District energy system providers should employ a framework for quantifying the value they could give potential customers looking to use a platform, says Tim Griffin, principal and branch manager at engineering consulting firm RMF Engineering.
With building owners and property investors, the question has always been how much LEED points they would get if they connected with a DES, Griffin writes in a column for District Energy magazine.
“If your system does not have a model, you should consider having one built soon to determine where you stand with LEED, put the negotiating power back in your hands, prepare to answer customer inquiries and know where to invest your capital to improve your standing,” he said.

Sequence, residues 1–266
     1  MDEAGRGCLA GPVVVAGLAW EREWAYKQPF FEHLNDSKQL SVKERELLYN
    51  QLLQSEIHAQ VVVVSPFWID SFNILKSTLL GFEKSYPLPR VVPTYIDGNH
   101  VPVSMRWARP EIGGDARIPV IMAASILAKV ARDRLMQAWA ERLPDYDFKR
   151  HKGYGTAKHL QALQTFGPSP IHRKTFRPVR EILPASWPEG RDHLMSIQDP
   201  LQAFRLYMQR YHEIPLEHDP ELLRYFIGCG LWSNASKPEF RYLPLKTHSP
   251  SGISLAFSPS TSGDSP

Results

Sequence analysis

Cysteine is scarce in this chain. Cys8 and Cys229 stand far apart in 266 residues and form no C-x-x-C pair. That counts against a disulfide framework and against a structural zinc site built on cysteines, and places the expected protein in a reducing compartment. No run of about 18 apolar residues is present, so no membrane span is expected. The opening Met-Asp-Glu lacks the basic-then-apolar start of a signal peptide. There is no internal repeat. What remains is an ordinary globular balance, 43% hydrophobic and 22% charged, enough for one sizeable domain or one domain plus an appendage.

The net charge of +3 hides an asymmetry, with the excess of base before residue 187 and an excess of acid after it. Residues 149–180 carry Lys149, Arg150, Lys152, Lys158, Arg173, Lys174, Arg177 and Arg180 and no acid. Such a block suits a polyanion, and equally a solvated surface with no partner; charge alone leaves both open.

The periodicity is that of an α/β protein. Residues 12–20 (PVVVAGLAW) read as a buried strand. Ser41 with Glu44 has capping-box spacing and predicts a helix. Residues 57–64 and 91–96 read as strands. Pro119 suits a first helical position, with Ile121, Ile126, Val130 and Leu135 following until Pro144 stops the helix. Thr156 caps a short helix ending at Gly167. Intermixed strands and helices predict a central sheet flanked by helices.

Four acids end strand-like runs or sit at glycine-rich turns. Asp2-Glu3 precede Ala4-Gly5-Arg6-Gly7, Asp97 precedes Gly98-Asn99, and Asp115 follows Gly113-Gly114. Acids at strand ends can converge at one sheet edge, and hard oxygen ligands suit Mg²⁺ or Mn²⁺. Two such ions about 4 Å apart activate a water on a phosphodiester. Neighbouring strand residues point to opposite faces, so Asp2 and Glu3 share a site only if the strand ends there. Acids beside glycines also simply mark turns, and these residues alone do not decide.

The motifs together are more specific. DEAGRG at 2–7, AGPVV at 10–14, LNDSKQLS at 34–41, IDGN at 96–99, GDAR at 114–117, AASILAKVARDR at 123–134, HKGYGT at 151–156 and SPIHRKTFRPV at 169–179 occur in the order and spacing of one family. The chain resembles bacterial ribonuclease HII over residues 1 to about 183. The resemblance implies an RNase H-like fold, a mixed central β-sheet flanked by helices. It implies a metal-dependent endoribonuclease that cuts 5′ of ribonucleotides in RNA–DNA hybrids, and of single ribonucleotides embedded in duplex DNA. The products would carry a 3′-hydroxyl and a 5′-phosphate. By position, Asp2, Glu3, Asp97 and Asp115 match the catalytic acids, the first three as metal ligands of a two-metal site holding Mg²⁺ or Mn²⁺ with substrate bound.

Griffin mentioned Veolia Energy as a case study, which takes into consideration how much it spends to run its system, the cost of electricity and the capabilities of the competition in order to determine which route is more efficient.
“As a district energy system owner, you will find this type of model is the best tool to address your system’s impact on your customers’ LEED applications,” Griffin said.
“If (you) find that tying in provides fewer points than the alternative, (you) now have a tool to help identify what investments in (your) system can turn that around the fastest,” he added.